What Is Geothermal Heating And Cooling?


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In the simplest definition, geothermal heating and cooling is the use of the earth’s temperature to heat and cool your house. Pretty simple, no? Although the systems can be expensive to install (especially on an already existing house), once in place there is a 30-70% reduction in utility bills for heating or cooling. Plus, there is no pollution or burning of fossil fuels, which is incredibly important in today’s day and age.

Below the earth’s surface the temperature tends to stay right around 55 degrees Fahrenheit.
No matter what the temperature outside is, that temperature is pretty constant. And geothermal energy uses this stable temperature to cool your house in the summer and heat the house in the winter. Sort of like radiant heating inside for your floor, channels are dug outside into the ground and pipes laid into them circulate water (or refrigerant) throughout the house – one direction during the winter to draw in the warmer water and the other direction in the summer to send the heat outside and bring the cooler temperature water inside.

Geothermal energy has been around for a long time – even the Romans used to use it to heat the water in their bathhouses
. Natural hot springs you visit on vacation are the result of geothermal energy. Some places, like Iceland, have water so hot under the surface that they can actually use the steam to power buildings! Of course, this is natural geothermal energy and not the artificial kind we create to use for our houses, but still – you get the idea. From Climate.org, here are some ways that we can access geothermal energy and what forms it comes in:

-in hydrothermal reservoirs of steam or hot water trapped in rock. These reservoirs are concentrated in particular regions as a result of geologic processes.

-in the heat of the shallow ground. Called “earth energy,” this geothermal source is found everywhere and is the normal temperature of the ground at shallow depths. Earth energy is not “enhanced by” geologic process and therefore is not as hot as other geothermal sources.

-in the hot dry rock found everywhere between 5-10 miles beneath the earth’s surface and at even shallower depths in areas of geologic activity.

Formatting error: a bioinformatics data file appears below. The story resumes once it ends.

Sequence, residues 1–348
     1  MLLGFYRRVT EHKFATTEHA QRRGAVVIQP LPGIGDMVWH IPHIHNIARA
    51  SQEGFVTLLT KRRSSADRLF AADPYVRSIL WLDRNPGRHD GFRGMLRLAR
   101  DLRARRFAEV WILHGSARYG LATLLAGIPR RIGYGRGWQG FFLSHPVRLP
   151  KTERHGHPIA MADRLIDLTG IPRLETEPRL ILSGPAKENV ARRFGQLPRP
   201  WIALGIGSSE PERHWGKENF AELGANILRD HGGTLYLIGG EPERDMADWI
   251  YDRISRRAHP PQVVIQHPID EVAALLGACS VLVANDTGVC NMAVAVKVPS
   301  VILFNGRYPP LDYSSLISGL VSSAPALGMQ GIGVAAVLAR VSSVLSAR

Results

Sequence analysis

-in magma, molten or partially molten rock, that can reach temperatures of up to 1200 C or 2192 F. While some magma is found at accessible depths, much of it lies too deep to be reached by current technology.

-in geopressurized brines – hot, pressurized waters containing dissolved methane that are found 10,000 to 20,000 feet below the surface.

Every single house and building in the world (well, where you can use geothermal) should be using this to heat and cool their open spaces. Imagine if every home in your city could be heated and cooled using mainly only the earth’s temperature…there would be less pollution almost immediately! Supposedly, just by estimating for the houses using geothermal in this country as of today, it is like the equivalent of reducing our oil consumption by 21 million barrels of oil per year. That is the the amount that the U.S. consumes in one day, but imagine if every house built from here on out used geothermal energy…we could reduce our dependence on this dirty fossil fuel and reduce pollution in our environment at the same time.

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  1. I visited Iceland once, and I was extremely impressed with their use of geothermal power to heat water and produce electricity. We also went to a hot springs (The Blue Lagoon) where people were swimming when it was 20 degrees outside and snow was covering the ground. The water there is naturally warm. It was beautiful!

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